Compound Weight %
P2O5 9.69
AlF3 33.17
NaF 5.43
KF 3.62
MgF2 5.83
CaF2 30.45
SrF2 8.82
LaF3 2.00
NdF3 2.00

After establishing flow, the spray-forming of the molten material was completed in less than 5 seconds. The resultant product was a mixture of fibers and spherical particles. See FIG. 7. Due to the limited amount of glass supplied no attempt was made to separate the fiber generated during startup from the particulate produced towards the end of the run. The particulate obtained was characterized using optical microscopy, and consisted of fibers with sub-micron diameter, and spherical particulate having an average diameter of about 10 um.

Example 2 Spraytest of a Borosilicate Glass

The borosilicate glass was molten from cullet at a temperature of 1550° C. in an inductively heated 100 ml-crucible made out of a platinum-iridium alloy, and supplied to the spray-forming apparatus through a platinum-iridium alloy pipe with 5 mm diameter. Compressed air provided by a diesel compressor (AirMan 185 CFM) at a peak pressure of 8 bar and a peak flow rate of 180 SCFM was supplied to Gas Inlet 1 and Gas Inlet 2. The composition of the borosilicate glass was as follows:

Oxide Weight %
Na2O 6.70
B2O3 28.95
SiO2 64.35

After establishing flow, the spray-forming of the molten material was completed in less than 5 seconds. The resultant product was a mixture of fibers and spherical particles. See FIG. 8. Due to the limited amount of glass supplied no attempt was made to separate the fiber generated during startup from the particulate produced towards the end of the run. The particulate obtained was characterized using optical microscopy, and consisted of fibers with micron diameter, and two fractions of spherical particulate having an average diameter of about 10 um and of about 25 um.

The entire disclosures of all applications, patents and publications, cited herein are incorporated by reference herein.

The preceding examples can be repeated with similar success by substituting the generically or specifically described reactants and/or operating conditions of this invention for those used in the preceding examples.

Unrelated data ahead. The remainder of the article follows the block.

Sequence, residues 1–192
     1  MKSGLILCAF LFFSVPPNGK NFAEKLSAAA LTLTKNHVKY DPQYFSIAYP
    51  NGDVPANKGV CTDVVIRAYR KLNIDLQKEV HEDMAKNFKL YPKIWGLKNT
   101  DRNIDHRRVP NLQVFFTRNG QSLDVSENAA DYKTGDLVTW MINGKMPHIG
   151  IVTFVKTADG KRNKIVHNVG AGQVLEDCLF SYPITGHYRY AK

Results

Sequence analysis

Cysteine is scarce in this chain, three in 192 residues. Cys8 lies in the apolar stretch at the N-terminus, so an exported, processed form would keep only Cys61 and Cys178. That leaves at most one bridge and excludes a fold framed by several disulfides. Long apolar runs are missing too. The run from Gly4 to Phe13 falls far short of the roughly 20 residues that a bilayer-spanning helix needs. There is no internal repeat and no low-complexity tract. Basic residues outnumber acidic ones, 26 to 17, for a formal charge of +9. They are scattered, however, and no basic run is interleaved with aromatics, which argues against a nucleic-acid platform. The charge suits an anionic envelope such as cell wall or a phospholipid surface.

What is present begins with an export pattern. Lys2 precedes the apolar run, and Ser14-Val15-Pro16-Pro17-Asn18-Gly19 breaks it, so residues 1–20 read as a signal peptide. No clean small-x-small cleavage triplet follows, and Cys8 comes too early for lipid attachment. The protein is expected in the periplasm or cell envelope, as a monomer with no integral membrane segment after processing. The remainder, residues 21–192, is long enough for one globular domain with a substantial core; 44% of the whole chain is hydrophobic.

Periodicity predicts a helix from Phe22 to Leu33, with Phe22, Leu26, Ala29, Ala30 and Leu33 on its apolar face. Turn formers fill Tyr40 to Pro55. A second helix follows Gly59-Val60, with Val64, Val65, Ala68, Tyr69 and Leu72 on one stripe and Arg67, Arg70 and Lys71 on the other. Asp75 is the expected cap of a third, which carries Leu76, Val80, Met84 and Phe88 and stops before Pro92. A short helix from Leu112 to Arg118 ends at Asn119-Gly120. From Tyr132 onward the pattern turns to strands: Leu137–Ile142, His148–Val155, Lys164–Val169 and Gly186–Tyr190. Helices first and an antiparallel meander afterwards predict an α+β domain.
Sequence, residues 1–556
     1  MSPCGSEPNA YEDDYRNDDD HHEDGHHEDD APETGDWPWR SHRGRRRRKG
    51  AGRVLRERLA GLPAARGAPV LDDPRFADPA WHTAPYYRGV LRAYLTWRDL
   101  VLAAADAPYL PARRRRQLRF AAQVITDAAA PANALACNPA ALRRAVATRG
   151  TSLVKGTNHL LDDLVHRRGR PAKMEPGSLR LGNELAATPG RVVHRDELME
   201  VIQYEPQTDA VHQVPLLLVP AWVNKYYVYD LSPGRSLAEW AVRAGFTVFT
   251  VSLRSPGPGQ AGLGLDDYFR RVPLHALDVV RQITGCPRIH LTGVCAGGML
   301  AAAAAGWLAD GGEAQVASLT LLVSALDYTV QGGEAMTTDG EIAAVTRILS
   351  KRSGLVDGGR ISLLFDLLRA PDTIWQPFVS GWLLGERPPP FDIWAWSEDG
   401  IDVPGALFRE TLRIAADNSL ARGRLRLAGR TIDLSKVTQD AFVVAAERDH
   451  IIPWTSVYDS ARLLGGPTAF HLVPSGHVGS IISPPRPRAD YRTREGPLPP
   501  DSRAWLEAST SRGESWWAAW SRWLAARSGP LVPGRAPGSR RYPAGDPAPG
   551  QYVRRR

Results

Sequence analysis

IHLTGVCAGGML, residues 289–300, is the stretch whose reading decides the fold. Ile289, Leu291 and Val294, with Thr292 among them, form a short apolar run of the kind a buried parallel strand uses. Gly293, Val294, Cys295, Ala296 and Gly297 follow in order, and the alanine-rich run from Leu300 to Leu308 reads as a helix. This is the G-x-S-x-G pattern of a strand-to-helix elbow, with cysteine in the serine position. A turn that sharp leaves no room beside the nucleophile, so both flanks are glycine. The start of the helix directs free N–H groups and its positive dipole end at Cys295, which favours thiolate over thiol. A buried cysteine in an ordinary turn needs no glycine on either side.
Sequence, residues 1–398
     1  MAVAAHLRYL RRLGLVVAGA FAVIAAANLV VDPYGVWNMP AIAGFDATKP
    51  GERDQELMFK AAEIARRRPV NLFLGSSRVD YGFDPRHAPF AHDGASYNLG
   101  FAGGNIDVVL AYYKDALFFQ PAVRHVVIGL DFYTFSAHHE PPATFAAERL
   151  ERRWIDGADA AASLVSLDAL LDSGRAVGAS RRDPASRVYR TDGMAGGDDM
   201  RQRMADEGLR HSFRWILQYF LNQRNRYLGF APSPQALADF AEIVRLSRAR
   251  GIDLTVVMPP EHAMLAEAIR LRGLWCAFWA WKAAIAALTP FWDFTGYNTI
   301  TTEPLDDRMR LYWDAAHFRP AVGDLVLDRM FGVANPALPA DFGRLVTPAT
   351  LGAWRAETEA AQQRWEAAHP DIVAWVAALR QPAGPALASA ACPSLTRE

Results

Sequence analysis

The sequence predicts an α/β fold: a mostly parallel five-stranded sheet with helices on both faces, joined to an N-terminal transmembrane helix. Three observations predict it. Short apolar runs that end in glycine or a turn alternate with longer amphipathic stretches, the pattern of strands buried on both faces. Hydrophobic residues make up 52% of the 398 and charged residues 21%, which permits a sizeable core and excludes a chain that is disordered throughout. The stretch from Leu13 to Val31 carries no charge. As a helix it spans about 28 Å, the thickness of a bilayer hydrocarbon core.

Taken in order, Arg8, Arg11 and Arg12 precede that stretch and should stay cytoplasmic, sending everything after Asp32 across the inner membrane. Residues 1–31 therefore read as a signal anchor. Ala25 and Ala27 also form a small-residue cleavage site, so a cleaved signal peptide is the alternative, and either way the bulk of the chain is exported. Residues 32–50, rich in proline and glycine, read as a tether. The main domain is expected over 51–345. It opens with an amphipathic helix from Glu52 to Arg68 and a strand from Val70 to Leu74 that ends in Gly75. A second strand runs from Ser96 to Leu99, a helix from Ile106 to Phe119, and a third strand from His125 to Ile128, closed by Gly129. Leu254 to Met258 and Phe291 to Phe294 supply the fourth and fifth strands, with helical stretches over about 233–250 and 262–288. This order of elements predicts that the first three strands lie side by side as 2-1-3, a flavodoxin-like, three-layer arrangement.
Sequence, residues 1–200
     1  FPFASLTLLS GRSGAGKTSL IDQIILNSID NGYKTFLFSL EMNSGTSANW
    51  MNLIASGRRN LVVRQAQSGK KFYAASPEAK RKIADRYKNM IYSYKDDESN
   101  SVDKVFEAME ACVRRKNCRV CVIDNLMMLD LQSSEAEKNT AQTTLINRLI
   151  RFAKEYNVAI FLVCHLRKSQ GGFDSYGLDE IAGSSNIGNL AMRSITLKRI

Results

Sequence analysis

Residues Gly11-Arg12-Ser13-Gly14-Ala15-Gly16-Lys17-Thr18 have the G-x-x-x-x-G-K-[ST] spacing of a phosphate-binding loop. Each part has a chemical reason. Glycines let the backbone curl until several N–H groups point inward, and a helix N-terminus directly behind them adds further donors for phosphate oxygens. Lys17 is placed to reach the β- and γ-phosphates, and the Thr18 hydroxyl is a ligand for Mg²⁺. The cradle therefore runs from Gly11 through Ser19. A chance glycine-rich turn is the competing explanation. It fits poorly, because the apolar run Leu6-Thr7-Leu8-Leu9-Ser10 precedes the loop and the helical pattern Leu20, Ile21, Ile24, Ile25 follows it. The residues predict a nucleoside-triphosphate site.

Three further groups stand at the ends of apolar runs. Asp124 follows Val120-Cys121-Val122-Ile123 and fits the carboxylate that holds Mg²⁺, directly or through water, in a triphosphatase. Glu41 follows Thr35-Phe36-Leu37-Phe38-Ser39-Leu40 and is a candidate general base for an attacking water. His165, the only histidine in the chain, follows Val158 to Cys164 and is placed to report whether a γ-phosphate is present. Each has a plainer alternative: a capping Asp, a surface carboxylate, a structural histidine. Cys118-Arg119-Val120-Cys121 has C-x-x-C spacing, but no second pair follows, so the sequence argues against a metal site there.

Without further elaboration, it is believed that one skilled in the art can, using the preceding description, utilize the present invention to its fullest extent. The preceding preferred specific embodiments are, therefore, to be construed as merely illustrative, and not limitative of the remainder of the disclosure in any way whatsoever.

From the foregoing description, one skilled in the art can easily ascertain the essential characteristics of this invention and, without departing from the spirit and scope thereof, can make various changes and modifications of the invention to adapt it to various usages and conditions.

Citations de brevets
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Citations hors brevets
Référence
1Hyung Sun Kim et al, Microstructure control of sintered glass-ceramics in silicate system, Journal of Ceramic Processing Research, 2000, vol. 1 No. 2, pp. 96-101.
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Classifications
Classification aux États-Unis65/21.1, 75/331, 75/338
Classification internationaleB22F9/00, B22F9/06, C03B37/005, C03B19/10
Classification coopérativeB22F2009/088, B22F2009/084, B22F9/082, B05B7/045, C03B19/102, B22F2999/00
Classification européenneB05B7/04C3A, C03B19/10B4, B22F9/08D
Événements juridiques
DateCodeÉvénementDescription
28 août 2014FPAYFee payment
Year of fee payment: 4
28 août 2014SULPSurcharge for late payment
20 juin 2014REMIMaintenance fee reminder mailed
25 janv. 2011CCCertificate of correction
13 nov. 2007ASAssignment
Owner name: SCHOTT CORPORATION, NEW YORK
Free format text: ASSIGNMENT OF ASSIGNORS INTEREST;ASSIGNORS:WEINHOLD, CARSTEN;YUHAS, DAVID;REEL/FRAME:020101/0847
Effective date: 20070926